8 p.m. They start to serve food. We are still on the ground. The lamb and rice is the best thing we've ever tasted, as we haven't eaten since 11 a.m. The pilot comes on and says that we have to wait for another couple of planes to take off, and then de-ice, but that we should be gone in "no more than an hour."

9:45 p.m. We are still on the ground. The pilot turns on the engine. I don't know anything about machinery, but it sure sounds like a giant car that has stalled out.

10:30 p.m. The pilot comes on again to say that, during the three hours we spent eating and sitting on the ground with the lights out, the electricity has died. It turns out we need a jump start. I kid you not. A generator or engine-starter, or something, arrives from the ISAF (coalition) compound. Finally, at

11:30 p.m. We are in the air.


1:15 a.m. Dubai time. We arrive in Dubai. Not only is there no agent with tickets for us, but the people at the service counter say that we don't have reservations on the flight to Frankfurt and onward connection to Washington. We can't do anything about this until we've gone through customs, collected our luggage, and transferred to the other terminal.

2 a.m. The luggage starts to come out. And then, about 20 pieces later, it stops. None of us have our bags. Turns out that the 4.5 hours we spent on the tarmac in Dubai was not sufficient to load our bags off the original plane and onto the 767. So they just flew the original plane out after us, with no people on it.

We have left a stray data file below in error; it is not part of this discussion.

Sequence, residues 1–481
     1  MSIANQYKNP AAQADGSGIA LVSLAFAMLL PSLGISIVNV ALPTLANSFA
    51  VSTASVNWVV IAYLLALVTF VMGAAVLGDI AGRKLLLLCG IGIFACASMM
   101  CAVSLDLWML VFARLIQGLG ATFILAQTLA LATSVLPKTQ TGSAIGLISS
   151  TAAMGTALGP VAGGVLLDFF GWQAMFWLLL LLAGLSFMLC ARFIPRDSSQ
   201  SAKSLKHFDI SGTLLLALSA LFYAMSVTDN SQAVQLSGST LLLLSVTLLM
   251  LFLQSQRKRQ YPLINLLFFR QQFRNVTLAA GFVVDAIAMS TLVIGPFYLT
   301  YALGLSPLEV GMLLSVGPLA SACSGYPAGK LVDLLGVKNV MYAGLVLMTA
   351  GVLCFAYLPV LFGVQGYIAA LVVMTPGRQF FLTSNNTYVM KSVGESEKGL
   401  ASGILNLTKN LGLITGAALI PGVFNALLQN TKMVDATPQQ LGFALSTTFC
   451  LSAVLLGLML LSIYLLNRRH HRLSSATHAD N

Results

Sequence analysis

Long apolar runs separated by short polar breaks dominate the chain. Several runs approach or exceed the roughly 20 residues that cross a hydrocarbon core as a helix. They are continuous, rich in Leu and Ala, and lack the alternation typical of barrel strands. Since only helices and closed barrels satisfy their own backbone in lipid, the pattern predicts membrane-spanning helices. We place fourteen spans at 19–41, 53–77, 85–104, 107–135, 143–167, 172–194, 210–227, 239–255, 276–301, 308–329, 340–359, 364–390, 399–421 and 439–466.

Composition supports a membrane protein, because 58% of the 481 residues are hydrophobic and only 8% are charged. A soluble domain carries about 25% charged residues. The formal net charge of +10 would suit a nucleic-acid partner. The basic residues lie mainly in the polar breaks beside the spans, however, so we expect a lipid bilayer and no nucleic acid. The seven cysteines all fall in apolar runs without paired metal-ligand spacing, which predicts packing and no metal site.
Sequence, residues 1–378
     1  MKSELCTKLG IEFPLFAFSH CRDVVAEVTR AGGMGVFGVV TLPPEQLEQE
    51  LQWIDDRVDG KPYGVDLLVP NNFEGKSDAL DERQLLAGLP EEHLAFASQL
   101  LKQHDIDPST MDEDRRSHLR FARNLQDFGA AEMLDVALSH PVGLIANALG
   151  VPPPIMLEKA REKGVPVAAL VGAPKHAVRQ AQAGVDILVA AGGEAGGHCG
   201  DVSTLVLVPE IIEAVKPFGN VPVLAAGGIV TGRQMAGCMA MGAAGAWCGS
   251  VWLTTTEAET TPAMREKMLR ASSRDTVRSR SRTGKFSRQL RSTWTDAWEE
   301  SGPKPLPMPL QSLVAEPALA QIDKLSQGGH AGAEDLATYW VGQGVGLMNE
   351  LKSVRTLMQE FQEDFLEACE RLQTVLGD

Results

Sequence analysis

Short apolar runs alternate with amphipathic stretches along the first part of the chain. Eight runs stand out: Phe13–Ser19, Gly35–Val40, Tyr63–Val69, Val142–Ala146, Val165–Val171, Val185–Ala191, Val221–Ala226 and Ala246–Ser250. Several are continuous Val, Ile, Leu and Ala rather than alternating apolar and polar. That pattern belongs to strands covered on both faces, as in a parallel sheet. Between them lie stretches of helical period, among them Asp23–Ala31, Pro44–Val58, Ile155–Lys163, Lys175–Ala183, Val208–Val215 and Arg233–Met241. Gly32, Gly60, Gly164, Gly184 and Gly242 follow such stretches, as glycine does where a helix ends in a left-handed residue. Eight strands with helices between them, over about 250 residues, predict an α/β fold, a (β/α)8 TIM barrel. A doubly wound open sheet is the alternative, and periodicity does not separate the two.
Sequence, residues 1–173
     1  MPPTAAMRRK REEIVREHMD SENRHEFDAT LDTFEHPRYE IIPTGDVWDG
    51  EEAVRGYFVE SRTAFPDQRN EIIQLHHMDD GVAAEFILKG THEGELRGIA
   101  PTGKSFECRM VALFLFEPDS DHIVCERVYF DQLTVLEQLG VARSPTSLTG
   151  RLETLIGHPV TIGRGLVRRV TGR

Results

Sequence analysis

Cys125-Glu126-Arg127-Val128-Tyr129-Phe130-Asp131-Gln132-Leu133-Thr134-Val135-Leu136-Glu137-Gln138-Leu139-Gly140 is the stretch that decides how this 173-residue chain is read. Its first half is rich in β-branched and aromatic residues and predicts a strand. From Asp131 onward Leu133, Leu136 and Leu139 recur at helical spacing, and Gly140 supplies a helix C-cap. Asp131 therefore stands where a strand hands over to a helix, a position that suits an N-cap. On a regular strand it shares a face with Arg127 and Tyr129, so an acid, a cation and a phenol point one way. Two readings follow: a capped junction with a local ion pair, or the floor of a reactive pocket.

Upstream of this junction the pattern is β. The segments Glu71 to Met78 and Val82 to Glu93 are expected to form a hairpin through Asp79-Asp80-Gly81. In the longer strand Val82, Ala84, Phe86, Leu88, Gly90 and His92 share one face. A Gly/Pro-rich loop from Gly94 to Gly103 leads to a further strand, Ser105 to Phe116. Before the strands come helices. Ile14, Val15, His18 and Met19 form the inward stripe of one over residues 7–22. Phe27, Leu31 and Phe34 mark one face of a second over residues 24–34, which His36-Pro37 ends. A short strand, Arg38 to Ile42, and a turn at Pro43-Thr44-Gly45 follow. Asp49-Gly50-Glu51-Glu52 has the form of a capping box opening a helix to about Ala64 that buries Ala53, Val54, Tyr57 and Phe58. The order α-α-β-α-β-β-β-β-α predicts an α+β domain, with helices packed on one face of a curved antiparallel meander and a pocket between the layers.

3:30 a.m. Our luggage is here! We grab it and move to the taxi line, where we spend about 20 minutes waiting for a cab. Thankfully, there is a snack bar nearby, and we gratefully scarf down soggy sandwiches - it's been a long time since that lamb.

4:00 a.m. We arrive at Terminal 1. The nice Emirates Air check-in guy finds our reservations and tries to convince us to rebook on a flight through London. We are too tired to understand what he is saying, and stick with our original itinerary, realizing only later that the London flight left earlier than the Frankfurt flight, and that that itinerary might have saved us some time. Oh well.

4:20 a.m. We proceed to the Emirates business class lounge. Which is awesome. They have comfy chairs, showers, and an array of finger sandwiches, Arabic mezze (hummus, grape leaves, baba ghanoush, kibbeh, etc.) and fruit. At 6 a.m. they bring out the scrambled eggs, hash browns, bacon (turkey) and sausage (veal). They have wine, beer, liquor, juice, soda, coffee and tea. We agree that we could get used to this.

8 a.m. Freshly showered, fed and pretty tired, we board the Emirates flight. We try to sleep, but only manage a couple of hours' rest on the 8-hour flight. I watch Ratatouille for the fourth time (but I don't mind, because it's really good).

1:30 p.m. Frankfurt time: We arrive in Frankfurt, change terminals, and proceed to the C gates. If we had made our connection to Kuwait, we'd be home by now.